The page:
Video

Video 3D Printer Makes Replica of Iconic Sports Car

Cars with parts made by 3D printers are already on the road, but engineers are still learning about this new technology. While testing the possibility of printing an entire car, researchers at the U.S. Department of Energy recently created an electric-powered replica of an iconic sports roadster. VOA’s George Putic has more.
Video

Video US Voters Seek Answers From Presidential Candidates on IS Gains

The growth of the Islamic State militant group in Iraq and Syria comes as the 2016 U.S. presidential campaign kicks off in the Midwest state of Iowa.   As VOA’s Kane Farabaugh reports, voters want to know how the candidates would handle recent militant gains in the Middle East.
Video

Video A Small Oasis on Kabul's Outskirts Provides Relief From Security Tensions

When people in Kabul want to get away from the city and relax, many choose Qargha Lake, a small resort on the outskirts of Kabul. Ayesha Tanzeem visited and talked with people about the precious oasis.
Video

Video Film Festival Looks at Indigenous Peoples, Culture Conflict

A recent Los Angeles film festival highlighted the plight of people caught between two cultures. Mike O'Sullivan has more on the the Garifuna International Film Festival, a Los Angeles forum created by a woman from Central America who wants the world to know more about her culture.
Video

Video Kenyans Lament Losing Sons to al-Shabab

There is agony, fear and lost hope in the Kenyan town of Isiolo, a key target of a new al-Shabab recruitment drive. VOA's Mohammed Yusuf visits Isiolo to speak with families and at least one man who says he was a recruiter.
Video

Video Scientists Say Plankton More Important Than Previously Thought

Tiny ocean creatures called plankton are mostly thought of as food for whales and other large marine animals, but a four-year global study discovered, among other things, that plankton are a major source of oxygen on our planet. VOA’s George Putic reports.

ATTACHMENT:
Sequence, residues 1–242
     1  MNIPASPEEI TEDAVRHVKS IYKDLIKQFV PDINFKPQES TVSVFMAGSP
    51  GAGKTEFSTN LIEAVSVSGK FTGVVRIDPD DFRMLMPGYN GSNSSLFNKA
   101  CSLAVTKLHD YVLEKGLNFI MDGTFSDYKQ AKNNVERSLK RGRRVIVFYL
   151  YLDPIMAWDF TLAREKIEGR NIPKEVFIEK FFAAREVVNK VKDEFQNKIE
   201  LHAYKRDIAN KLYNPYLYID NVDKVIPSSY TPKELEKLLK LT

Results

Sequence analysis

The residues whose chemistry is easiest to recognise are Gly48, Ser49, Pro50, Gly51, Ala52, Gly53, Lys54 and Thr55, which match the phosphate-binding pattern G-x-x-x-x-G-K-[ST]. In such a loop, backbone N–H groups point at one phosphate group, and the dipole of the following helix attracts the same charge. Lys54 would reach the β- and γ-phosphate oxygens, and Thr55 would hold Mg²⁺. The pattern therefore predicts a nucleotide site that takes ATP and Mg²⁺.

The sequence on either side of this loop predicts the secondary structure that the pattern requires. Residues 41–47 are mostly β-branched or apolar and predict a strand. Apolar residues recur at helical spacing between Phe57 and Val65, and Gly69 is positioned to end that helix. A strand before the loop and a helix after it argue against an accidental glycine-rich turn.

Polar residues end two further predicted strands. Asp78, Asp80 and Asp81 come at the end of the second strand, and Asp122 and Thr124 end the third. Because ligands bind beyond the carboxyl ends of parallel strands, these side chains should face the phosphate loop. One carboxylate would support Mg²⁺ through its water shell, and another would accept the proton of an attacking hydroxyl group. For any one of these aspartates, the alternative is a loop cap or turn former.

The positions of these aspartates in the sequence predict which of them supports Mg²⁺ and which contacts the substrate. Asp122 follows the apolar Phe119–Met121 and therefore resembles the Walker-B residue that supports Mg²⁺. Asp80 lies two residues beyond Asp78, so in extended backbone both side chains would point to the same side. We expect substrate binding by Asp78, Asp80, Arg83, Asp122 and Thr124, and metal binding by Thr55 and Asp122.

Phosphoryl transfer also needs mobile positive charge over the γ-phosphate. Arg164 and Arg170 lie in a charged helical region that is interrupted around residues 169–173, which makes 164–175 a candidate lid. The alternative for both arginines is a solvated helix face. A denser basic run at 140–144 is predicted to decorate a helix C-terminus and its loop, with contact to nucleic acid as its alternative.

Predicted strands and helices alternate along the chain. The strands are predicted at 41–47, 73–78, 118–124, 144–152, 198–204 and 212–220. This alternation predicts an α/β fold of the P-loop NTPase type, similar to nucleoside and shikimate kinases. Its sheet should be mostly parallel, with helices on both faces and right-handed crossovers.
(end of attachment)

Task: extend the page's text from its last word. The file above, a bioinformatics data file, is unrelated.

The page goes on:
Video

Video US-led Coalition Gives Some Weapons to Iraqi Troops

In a video released Tuesday from the Iraqi Ministry of Defense, Iraqi forces and U.S.-led coalition troops survey a cache of weapons supplied to help Iraq liberate Mosul from Islamic State group. According to a statement provided with the video, the ministry and the U.S.-led coaltion troops have started ''supplying the 16th army division with medium and light weapons in preparation to liberate Mosul and nearby areas from Da'esh (Arabic acronym for Islamic State group).''
Video

Video Amnesty International: 'Overwhelming Evidence' of War Crimes in Ukraine

Human rights group Amnesty International says there is overwhelming evidence of ongoing war crimes in Ukraine, despite a tentative cease-fire with pro-Russian rebels. Researchers interviewed more than 30 prisoners from both sides of the conflict and all but one said they were tortured. Henry Ridgwell reports for VOA from London.
Video

Video Washington Parade Honors Those Killed Serving in US Military

Every year, on the last Monday in the month of May, millions of Americans honor the memories of those killed while serving in the armed forces. Memorial Day is a tradition that dates back to the 19th Century. While many people celebrate the federal holiday with a barbecue and a day off from work, for those who’ve served in the military, it’s a special day to remember those who made the ultimate sacrifice. Arash Arabasadi reports for VOA from Washington.
Video

Video Kenya’s Capital Sees Rise in Shisha Parlors

In Kenya, the smoking of shisha, a type of flavored tobacco, is the latest craze. Patrons are flocking to shisha parlors to smoke and socialize. But the practice can be addictive and harmful, though many dabblers may not realize the dangers, according to a new review. Lenny Ruvaga has more on the story for VOA from Nairobi, Kenya.
Video

Video Rolling Thunder Run Reveals Changed Attitudes Towards Vietnam War

For many US war veterans, the Memorial Day holiday is an opportunity to look back at a divisive conflict in the nation’s history and to remember those who did not make it home.
Video

Video Female American Soldiers: Healing Through Filmmaking

According to the United States Defense Department, there are more than 200-thousand women serving in the U.S. Armed Forces.  Like their male counterparts, females have experiences that can be very traumatic.  VOA's Bernard Shusman tells us about a program that is helping some American women in the military heal through filmmaking.

VOA Blogs